The name says it all: when the Africa Rising Cycling Center (ARCC) officially opens in Rwanda on June 15th, it will also be opening up enormous possibilities for the continent’s promising cyclists.
Sixteen houses, a fully equipped service course, Rwanda’s 1st BMX pump track, an education center, an organic vegetable garden… ARCC is aiming high and wants to share its facilities located in the northern Musanze district, at 2000m altitude.
“The centre is self-contained and everything is on the spot,” explains Jock Boyer, former professional, founder of Team Rwanda Cycling (TRC) and national coach. He is the one who, in 2007, discovered Adrien Niyonshuti, now a professional with MTN-Qhubeka and Rwanda’s flag-bearer at the London Olympic Games. With the new ARCC, Boyer means to continue the incredible development of cycling on the African continent and attract teams from further afield.
“Other African nations can use it as a training center, and European teams can come for high altitude training and good weather at the end of the European season,” he says.
ARCC will also be the training base for Team Africa Rising, a conglomeration of the national teams of Rwanda, Eritrea and Ethiopia. As well as uniting African countries though cycling, the aim is to eventually field the first entirely black-African team in the Tour de France.
Training cycling professions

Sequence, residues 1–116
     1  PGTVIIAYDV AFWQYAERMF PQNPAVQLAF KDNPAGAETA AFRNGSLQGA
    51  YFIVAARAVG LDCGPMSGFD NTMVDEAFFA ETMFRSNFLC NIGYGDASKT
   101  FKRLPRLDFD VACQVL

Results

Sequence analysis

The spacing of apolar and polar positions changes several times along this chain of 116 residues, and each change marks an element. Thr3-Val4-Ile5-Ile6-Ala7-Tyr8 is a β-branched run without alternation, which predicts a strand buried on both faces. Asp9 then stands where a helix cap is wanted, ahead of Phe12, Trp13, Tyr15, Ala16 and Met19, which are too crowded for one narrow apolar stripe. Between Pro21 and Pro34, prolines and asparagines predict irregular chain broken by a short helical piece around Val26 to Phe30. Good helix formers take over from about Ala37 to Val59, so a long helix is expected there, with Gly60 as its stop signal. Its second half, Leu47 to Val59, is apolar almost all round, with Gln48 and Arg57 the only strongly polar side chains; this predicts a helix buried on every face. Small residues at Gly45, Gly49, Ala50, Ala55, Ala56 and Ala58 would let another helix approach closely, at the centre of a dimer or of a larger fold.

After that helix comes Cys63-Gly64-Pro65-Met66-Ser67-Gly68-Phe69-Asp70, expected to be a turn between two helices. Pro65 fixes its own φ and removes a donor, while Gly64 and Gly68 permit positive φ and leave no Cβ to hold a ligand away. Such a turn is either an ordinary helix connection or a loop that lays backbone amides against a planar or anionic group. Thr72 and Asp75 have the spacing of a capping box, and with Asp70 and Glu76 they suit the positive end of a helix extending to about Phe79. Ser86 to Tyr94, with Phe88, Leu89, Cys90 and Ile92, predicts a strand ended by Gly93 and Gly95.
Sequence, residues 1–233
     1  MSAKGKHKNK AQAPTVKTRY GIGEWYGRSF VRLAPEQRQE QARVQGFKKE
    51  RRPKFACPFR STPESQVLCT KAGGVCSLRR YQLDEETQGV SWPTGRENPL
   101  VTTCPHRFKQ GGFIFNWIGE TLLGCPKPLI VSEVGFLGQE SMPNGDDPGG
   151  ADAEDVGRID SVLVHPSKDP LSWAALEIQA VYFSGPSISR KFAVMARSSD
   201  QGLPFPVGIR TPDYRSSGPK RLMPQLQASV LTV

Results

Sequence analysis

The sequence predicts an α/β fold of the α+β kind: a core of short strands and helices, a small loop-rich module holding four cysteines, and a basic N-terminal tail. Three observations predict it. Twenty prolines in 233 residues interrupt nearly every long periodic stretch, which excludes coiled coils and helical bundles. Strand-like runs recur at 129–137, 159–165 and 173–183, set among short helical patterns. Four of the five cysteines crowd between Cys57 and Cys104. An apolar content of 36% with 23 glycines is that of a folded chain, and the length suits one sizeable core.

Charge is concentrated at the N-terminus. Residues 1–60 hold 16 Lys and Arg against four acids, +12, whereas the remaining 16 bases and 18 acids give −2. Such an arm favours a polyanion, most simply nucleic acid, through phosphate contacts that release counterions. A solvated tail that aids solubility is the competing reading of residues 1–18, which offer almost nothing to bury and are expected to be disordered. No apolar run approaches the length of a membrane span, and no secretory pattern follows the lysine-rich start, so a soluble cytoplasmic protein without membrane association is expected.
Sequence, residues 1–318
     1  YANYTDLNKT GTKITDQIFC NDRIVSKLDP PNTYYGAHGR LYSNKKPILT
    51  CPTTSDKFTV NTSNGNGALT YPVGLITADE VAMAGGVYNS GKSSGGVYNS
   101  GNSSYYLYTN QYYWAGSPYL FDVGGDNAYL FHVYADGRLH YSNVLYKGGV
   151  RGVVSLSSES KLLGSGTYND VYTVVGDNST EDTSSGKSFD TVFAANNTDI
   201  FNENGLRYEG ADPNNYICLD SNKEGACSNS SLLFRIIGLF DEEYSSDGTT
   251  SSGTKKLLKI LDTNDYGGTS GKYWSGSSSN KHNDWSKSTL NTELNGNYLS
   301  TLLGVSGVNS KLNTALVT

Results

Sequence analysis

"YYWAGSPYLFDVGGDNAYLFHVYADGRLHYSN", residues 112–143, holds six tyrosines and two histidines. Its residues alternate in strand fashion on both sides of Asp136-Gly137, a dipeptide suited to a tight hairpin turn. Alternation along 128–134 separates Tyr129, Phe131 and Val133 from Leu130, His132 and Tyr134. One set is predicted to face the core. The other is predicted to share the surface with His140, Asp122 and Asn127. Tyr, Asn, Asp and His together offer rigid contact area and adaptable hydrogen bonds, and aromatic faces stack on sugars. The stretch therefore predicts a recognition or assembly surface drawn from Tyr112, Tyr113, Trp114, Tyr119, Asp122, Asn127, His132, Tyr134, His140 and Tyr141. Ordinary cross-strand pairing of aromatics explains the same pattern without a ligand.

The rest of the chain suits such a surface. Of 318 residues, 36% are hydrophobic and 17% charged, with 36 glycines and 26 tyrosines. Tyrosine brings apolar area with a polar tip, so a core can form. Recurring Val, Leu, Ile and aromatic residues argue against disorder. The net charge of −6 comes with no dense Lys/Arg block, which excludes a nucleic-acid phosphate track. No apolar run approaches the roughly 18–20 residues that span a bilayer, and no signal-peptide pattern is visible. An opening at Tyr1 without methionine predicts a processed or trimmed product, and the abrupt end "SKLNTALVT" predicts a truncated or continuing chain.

Courses will also be organised at the center for commissaries, mechanics and coaches. For example, after the Tour of Rwanda in November, team mechanics will stay back for a 10-day course given by Alex Roussel, master mechanic at the World Cycling Centre in Aigle, Switzerland.
Boyer’s partner Kimberly Coats, affectionately referred to by the athletes as “old lady”, explains: “We want to be able to offer something to other African countries. Our biggest motivation is to teach others to do what we do and to give the National Federations credibility.”
The ambitious project is the result of a close collaboration between Team Rwanda Cycling, the Rwandan Cycling Federation (FERWACY) and the Ministry of Sport & Culture. Jock Boyer also underlines the important support he receives from the Union Cycliste Internationale. “In the past we have always had incredible help from the UCI and we wouldn’t be here without that.”
Although the official opening of Africa Rising Cycling Center is still one week away, Team Rwanda Cycling took possession of the premises on March 17th. After one month of renovation work and sorting out certain (major) “issues” such as electricity, the first training camp could get under way mid-April. By the end of the year, the new center will have hosted 35 week-long training camps.
Life skills classes for the athletes
Yoga, English lessons and life skills classes are an essential part of the athletes’ training. The talented cyclists, some of whom are illiterate and none of whom have more than 6 years’ schooling, learn basic skills such as how to apply for a visa. Because those who make the grade to train and race abroad, need to be prepared for the huge culture shock that awaits.
“An athlete from Eritrea who goes to Europe already has six to ten things working against him,” says Jock Boyer. “He needs a visa, he doesn’t have a credit card, and he can’t call home for money or help because he’s the one supporting his family. When we help these riders, we really become part of their lives.”
Until now, the athletes have been training Monday to Friday and returning home for weekends. However, as major races such as the Tour of Rwanda approach, they will stay at the ARCC to, in the words of Kimberly Coats, “keep them focused, eating properly and drinking clean water.”